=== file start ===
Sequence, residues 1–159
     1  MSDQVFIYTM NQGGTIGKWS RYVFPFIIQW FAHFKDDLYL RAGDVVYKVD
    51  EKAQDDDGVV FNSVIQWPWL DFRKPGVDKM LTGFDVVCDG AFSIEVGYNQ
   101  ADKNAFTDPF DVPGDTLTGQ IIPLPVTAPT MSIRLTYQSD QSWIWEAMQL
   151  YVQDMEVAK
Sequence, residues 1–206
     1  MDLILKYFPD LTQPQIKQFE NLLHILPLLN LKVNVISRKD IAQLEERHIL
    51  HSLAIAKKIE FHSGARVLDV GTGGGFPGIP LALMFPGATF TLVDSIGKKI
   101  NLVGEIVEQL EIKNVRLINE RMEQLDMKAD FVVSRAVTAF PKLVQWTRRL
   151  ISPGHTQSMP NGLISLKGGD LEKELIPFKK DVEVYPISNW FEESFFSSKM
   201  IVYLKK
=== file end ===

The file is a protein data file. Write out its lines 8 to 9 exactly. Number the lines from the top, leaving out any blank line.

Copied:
    51  HSLAIAKKIE FHSGARVLDV GTGGGFPGIP LALMFPGATF TLVDSIGKKI
   101  NLVGEIVEQL EIKNVRLINE RMEQLDMKAD FVVSRAVTAF PKLVQWTRRL